Sunday, September 29, 2013

How did my Dover Picks do?

Reviewing my Dover picks, as featured in the latest BSports video:

Dover Favorites

  • Jimmie Johnson (WON the race and led 243 laps)
  • Jeff Gordon (finished 4th and led 3 laps)
  • Kyle Busch (finished 5th and led 30 laps)

Threats for First Dover Win

  • Joey Logano (finished 3rd)
  • Kevin Harvick (finished 6th)
  • Clint Bowyer (finished 10th and led 1 lap)

Going 1-3-4-5-6-10 is not bad.

Wednesday, September 25, 2013

Matt Kenseth + Jimmie Johnson + Kyle Busch = 90%. Everybody else = 10%

For the second week in a row, Matt Kenseth and Kyle Busch finished 1-2.
For the second week in a row, Jimmie Johnson got a top 5.
These are the only drivers to start this year's Chase with two straight top-5s.

And just like that, the 13-driver Chase has been cut down to a 3-man battle.

Everybody else has some serious catching up to do. The latest numbers from our Chase prediction model give our newest expectations:

Matt Kenseth is again the big winner, with his title chances now sitting at 41%. His increased lead in the points standings gives him a bigger cushion in the model, which will come in handy in case he falters in an upcoming race.

Johnson, with two consecutive top-5 finishes, has kept his title chances steady at 27%.  He has been hovering in the 25-27% range since the Chase began. Even without winning races, he could still win a title on the strength of numerous top 5s.

Kyle Busch, with another second-place finish, crept forward to 22%, up from 20% last week.

Carl Edwards and Kevin Harvick were the big losers in the wake of Kenseth’s 16% gain (from 25% to 41%). Outside our top 3, Edwards and Harvick were the only two drivers last week with chances above 5%, but now the model shows them each at 3%.

It has very quickly become bad for the rest of the field: the ten drivers in the back have a combined title chance of only 10%. Think about that: we are only two races in, but there is a 90% chance of the title going to one of our top 3 drivers. Put another way: our three top drivers each have an average 30% chance of winning the title, while the ten others only have a miniscule 1% average chance.

If anybody were going to break away from the crowd, it's not surprising these would be the three to do it. Before we started the Chase, our prediction model had these same three drivers up top. No matter what, everybody else needs to step up soon, before this thing is over. For many drivers, it may already be too late.

Finally, in predicting how many points the champion will have, we are now looking at a 2380-2400 range, in line with our last two champions (2403 and 2400).

Consider using 2400 as a round number for what any driver will need to be champion. Take the example of 13th place Kasey Kahne, with 2040 points right now. For him to win the title, he’d need 360 points in the final 8 races, an average of 45 points per race. Since the winner of a race gets 47 points and second place gets 42, Kahne would need to finish top-2 in the final 8 races to be a threat to win. That would take a miracle, which is why the model puts Kahne's title chances effectively at 0 percent (0.042% to be exact). He should start preparing for next year.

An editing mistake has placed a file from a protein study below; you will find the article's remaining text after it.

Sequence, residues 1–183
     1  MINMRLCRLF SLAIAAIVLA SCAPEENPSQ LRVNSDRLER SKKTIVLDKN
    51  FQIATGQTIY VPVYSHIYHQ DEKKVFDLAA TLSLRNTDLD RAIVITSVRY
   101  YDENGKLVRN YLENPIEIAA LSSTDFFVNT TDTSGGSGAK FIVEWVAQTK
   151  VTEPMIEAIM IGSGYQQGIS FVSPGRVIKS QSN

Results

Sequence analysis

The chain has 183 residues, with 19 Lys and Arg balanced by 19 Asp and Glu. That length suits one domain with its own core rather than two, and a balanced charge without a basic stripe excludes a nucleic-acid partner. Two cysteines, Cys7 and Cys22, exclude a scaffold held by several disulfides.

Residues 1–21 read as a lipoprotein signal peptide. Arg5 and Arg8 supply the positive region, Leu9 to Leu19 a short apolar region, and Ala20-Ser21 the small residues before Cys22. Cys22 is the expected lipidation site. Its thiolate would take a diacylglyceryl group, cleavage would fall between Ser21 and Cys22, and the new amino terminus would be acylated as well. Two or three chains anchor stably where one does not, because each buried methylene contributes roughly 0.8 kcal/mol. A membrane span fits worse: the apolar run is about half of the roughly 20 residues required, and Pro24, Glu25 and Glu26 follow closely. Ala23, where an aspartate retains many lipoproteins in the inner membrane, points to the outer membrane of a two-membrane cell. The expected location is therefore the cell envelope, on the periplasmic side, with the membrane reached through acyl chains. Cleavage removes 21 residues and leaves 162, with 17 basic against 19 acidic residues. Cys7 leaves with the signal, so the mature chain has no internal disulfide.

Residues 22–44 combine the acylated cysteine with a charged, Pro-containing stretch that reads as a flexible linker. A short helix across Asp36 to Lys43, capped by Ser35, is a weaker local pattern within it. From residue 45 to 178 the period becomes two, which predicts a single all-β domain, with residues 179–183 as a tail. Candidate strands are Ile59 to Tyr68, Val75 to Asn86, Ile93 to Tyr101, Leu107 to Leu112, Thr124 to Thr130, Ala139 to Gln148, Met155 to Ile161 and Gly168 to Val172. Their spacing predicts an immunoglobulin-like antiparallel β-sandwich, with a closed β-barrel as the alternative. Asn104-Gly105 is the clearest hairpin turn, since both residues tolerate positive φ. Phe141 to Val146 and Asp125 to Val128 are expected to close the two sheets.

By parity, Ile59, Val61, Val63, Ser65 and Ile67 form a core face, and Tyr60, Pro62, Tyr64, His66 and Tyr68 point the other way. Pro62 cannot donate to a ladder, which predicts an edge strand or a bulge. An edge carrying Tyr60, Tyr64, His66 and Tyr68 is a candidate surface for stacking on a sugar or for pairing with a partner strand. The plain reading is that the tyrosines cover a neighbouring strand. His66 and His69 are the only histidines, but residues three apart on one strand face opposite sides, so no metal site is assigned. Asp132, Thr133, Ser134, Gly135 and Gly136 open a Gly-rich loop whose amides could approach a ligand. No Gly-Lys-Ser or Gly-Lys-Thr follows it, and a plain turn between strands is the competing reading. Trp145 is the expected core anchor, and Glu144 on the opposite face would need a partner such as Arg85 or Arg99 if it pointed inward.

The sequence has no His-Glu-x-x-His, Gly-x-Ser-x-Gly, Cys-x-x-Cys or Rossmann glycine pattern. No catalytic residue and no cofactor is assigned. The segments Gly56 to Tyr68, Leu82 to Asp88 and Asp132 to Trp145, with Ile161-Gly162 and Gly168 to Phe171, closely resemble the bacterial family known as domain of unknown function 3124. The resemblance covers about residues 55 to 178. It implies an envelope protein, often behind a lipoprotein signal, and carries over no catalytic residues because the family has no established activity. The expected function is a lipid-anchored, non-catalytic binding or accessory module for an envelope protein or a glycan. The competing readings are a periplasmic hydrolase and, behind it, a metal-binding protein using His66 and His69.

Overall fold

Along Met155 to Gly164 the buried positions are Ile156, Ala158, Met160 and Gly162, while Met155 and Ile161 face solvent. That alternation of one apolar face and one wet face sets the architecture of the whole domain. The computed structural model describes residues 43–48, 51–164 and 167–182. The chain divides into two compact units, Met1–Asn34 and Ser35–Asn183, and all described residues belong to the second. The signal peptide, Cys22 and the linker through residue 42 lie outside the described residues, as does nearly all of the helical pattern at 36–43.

Check in next week, after Dover, for the latest analysis.

Sunday, September 22, 2013

How Did My New Hampshire Picks Do?

Following up on this week's latest video, where I made my New Hampshire picks, let's see how I did:

New Hampshire Favorites
  • Jeff Gordon (led 36 laps and finished 15th)
  • Ryan Newman (won the pole, led 2 laps, finished 16th)
  • Clint Bowyer (led 5 laps and finished 17th)

Threats for First New Hampshire Win
  • Matt Kenseth (WON the race and led 106 laps)
  • Martin Truex, Jr. (led 98 laps but finished 10th)
  • Brad Keselowski (led 2 laps and finished 11th)

Thursday, September 19, 2013

Predicting the Chase Champion: These Numbers Still Say Jimmie Johnson is Leading the Chase

Predicting the Chase Champion: These Numbers Still Say Jimmie Johnson is Leading the Chase

Only one question matters now: “Who will win the Chase?”

We can accurately predict the likelihood of each driver winning the title, based on two factors:
(1) The current points standings
(2) Each driver’s full set of finishes this season.

We can also predict how many points the eventual champion will have.

More interestingly, we can update these predictions after each Chase race, based on the latest results and updated standings. This will show us exactly how much a driver’s title hopes changed, in percentage terms, from race to race.

Here were the chances for each driver to win the title, before the Chase started: